The attorneys may not be able to describe how to find the responsive documents, but they are typically very able to recognize that a document is responsive.  The success of predictive coding with random sampling depends strongly on the reviewer’s legal acumen to identify responsive documents.  It does not require any specific level of information science skill. 

Part of the concern with random sampling seems to be a desire to preserve the attorney’s role in selecting documents for consideration by the predictive coding system.  As mentioned earlier, all of the decisions about documents being responsive or non-responsive are made by the attorney, not by the computer.  The difference between an attorney-provided seed set and a random sample is who chooses the documents for consideration.  We should use professional judgment to select the documents for consideration, if that professional judgment is sound and effective it can contribute to improved predictive coding results. But a word of caution is appropriate here.

Without explicit measurement, we cannot know whether that judgment is good and that measurement requires the evaluation of a random sample.  Further, I am reminded of the work of the psychologist Paul Meehl who compared what he called clinical vs statistical judgment.  In virtually every case, he found that using statistical models led to better outcomes than intuitive judgments.  His approach has been widely adopted in psychology, hiring decisions, and other areas, but there continues to be resistance to his approach, despite the consistent evidence.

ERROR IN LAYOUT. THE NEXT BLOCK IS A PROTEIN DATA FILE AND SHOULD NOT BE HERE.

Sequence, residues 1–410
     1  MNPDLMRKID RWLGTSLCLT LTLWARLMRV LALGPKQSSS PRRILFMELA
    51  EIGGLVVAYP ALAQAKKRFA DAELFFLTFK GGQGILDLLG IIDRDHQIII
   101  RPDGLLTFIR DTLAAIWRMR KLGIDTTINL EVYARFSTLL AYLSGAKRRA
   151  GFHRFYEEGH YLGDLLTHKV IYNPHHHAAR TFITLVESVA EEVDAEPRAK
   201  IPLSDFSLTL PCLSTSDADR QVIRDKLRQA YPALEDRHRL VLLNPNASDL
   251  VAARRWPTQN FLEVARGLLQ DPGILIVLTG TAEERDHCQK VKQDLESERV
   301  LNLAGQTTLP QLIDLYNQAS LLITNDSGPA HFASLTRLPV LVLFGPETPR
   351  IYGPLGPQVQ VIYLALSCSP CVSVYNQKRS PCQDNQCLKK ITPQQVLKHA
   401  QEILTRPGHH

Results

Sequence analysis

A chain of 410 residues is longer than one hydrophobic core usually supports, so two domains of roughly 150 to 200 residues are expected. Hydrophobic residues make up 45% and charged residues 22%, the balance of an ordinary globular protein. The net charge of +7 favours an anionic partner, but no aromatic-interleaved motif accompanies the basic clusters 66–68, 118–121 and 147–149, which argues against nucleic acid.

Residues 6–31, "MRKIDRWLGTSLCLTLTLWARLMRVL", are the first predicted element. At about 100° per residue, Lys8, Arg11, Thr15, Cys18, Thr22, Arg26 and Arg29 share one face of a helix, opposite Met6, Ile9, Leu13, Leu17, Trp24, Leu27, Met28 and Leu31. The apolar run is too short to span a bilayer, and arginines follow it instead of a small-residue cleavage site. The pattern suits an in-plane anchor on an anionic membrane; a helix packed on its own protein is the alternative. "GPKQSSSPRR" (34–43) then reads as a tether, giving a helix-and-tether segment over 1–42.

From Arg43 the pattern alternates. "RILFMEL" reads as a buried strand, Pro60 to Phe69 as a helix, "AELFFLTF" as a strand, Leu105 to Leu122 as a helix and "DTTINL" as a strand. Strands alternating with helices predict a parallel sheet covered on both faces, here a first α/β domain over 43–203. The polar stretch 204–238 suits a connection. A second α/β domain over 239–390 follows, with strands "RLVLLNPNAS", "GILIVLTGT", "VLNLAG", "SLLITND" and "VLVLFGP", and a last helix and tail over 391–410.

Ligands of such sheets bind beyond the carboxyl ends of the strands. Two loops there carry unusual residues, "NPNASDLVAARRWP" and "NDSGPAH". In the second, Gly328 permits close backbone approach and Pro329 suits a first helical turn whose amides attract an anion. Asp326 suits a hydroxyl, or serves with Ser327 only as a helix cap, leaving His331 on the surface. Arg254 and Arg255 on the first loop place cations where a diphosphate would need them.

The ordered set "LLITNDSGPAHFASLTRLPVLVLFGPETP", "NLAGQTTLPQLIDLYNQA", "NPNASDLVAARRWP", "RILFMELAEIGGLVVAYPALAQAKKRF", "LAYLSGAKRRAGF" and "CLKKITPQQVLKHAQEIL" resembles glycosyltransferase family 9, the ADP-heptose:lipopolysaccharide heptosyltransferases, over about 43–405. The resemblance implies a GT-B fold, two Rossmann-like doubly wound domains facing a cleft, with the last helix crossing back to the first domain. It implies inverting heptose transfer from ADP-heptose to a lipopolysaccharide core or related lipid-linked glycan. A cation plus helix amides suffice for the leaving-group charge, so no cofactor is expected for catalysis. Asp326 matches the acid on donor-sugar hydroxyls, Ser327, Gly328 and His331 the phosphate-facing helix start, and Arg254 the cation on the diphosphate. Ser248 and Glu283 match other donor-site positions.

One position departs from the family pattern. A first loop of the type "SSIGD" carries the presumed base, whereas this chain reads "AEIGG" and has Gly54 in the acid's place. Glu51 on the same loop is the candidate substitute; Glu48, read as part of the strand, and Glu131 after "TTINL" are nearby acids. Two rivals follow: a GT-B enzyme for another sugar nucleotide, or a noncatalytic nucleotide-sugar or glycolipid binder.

There is no controversy in social science which shows such a large body of qualitatively diverse studies coming out so uniformly in the same direction as this one. When you are pushing [scores of] investigations, predicting everything from the outcomes of football games to the diagnosis of liver disease and when you can hardly come up with a half dozen studies showing even a weak tendency in favor of the clinician, it is time to draw a practical conclusion” (Meehl 1986, 372−3).